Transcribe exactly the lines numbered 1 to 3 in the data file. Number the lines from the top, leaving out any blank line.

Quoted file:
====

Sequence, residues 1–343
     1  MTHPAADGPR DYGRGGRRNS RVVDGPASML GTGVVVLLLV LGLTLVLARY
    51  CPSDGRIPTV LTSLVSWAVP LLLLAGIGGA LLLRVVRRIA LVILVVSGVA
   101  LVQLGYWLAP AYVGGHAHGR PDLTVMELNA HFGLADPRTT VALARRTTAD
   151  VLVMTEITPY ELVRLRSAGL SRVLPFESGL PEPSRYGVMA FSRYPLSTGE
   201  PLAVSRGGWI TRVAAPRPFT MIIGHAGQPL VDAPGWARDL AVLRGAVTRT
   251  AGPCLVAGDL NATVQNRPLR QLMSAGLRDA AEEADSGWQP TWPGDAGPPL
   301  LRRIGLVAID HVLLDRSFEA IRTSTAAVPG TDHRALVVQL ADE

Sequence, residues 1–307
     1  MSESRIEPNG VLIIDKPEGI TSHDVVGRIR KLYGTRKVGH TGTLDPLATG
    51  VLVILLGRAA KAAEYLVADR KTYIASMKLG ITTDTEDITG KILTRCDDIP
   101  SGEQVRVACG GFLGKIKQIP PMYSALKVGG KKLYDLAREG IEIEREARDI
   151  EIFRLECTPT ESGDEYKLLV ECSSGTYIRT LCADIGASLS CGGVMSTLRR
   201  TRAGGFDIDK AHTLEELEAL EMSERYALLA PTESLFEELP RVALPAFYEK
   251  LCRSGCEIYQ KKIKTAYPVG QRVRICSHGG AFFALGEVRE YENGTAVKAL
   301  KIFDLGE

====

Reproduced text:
Sequence, residues 1–343
     1  MTHPAADGPR DYGRGGRRNS RVVDGPASML GTGVVVLLLV LGLTLVLARY
    51  CPSDGRIPTV LTSLVSWAVP LLLLAGIGGA LLLRVVRRIA LVILVVSGVA